Starbucks is an amazing passion brand that carries that over well to digital, Oreo set a standard for “real-time marketing,” I really admire the stuff that Callaway Golf has done with drones. The #ShareACoke campaign was really creative, McDonald’s is taking an interesting approach to transparency….
Like I said, good ideas can come from anywhere. I definitely keep an eye on what’s happening outside of baseball and outside of sports, but there’s a bigger part of us that likes to be innovative and leaders on our own.
So much emphasis is on winning, how do the Brewers keep fans engaged when success on the field is not always there?
After the World Series, there are always 29 teams with disappointed fans. Whether a team doesn’t make the Postseason or comes within a game of winning the World Series,, our task remains the same: keep fans engaged in the offseason.
One of our primary goals in the offseason is building hope and excitement for the coming season. We focus on what we are doing to improve the team (trades, acquisitions, etc.) We remind them of the star talent already on the roster and of past triumphs. We focus on key series/matchups for the next season, we get fans excited with fun, new promotions, and we are out there in the community reconnecting with fans—whether it is a Thanksgiving Food Drive or our Fan Fest.
When Opening Day rolls around, you’re not selling tickets—you’re selling hope. Hope that this year will be your team’s year to win it all. That’s really all you can do, is give your fans a reason to hope and believe. Baseball is such a romantic sport when you think about it.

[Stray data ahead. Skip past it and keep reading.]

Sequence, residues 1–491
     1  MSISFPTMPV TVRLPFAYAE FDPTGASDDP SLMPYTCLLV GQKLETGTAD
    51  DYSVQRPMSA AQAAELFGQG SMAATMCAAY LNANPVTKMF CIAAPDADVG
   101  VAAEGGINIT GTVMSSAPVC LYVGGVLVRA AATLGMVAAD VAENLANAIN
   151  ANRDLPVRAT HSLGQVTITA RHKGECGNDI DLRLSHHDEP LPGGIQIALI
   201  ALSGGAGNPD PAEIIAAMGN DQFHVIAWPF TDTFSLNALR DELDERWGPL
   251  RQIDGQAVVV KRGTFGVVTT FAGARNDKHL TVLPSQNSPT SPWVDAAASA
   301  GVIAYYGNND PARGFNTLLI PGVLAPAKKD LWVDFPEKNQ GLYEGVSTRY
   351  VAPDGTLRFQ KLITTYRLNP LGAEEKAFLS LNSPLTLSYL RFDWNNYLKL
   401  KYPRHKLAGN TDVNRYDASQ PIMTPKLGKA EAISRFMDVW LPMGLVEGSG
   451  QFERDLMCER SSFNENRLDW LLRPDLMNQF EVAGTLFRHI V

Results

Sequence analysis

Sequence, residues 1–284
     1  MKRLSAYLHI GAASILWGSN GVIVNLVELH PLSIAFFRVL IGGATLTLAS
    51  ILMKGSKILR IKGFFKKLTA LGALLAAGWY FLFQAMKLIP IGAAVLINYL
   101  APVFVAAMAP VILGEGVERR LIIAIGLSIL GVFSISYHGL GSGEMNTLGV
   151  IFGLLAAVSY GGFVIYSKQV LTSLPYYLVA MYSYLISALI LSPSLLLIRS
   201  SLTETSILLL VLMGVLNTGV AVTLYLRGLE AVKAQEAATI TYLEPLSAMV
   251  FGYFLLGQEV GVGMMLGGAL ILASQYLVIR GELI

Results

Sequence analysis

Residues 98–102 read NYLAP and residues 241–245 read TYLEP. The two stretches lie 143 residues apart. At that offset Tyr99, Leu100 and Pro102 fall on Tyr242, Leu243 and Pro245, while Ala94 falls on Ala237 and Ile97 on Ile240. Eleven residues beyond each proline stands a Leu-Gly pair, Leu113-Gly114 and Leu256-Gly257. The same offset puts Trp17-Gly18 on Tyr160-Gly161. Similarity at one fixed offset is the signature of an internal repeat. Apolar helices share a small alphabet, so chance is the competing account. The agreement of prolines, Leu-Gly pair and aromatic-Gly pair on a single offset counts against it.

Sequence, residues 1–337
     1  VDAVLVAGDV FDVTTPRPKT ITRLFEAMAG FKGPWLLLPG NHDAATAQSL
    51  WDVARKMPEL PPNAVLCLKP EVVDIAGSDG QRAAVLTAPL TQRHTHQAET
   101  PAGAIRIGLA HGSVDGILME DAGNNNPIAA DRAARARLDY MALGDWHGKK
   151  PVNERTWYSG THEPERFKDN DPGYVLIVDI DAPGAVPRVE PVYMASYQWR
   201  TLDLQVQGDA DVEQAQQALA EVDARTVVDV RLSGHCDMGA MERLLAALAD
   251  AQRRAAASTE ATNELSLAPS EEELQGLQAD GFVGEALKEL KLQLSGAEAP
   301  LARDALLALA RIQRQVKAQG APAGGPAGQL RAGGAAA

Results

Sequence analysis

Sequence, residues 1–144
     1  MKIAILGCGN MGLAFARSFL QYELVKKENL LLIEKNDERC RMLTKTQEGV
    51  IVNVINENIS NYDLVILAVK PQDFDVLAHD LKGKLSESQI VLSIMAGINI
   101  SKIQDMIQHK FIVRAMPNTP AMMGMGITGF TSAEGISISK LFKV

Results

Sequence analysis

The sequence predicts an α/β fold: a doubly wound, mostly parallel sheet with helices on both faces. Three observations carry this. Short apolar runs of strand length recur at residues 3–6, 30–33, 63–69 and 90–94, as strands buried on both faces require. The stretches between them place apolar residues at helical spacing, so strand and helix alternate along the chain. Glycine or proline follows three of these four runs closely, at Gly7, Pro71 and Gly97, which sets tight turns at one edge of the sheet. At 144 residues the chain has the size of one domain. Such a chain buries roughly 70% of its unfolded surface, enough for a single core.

During the season, it can be a little tougher to keep fans engaged in a tough season. We went through a really tough time in 2013, and we made a concerted effort to reach out to our fans with several different “Fans First” initiatives. That didn’t come from social/digital. That message came from the top and was executed across the board. It takes an owner and team leaders committed to their fan base and a standard of excellence to pull you through those tough times.
How important is the mobile space for the club? Any new initiatives that you are following or the Brewers will be adapting in the winter or spring?
Mobile is a huge initiative for Major League Baseball in general ,and as a League, we’ve been a leader in this space. We work closely with the folks at MLBAM on the MLB At Bat and At the Ballpark Apps. This past year, we added iBeacons to Miller Park -fans receive special offers just from “checking in” at Miller Park-and we look to expand our use of them in 2015. There is a lot of potential there.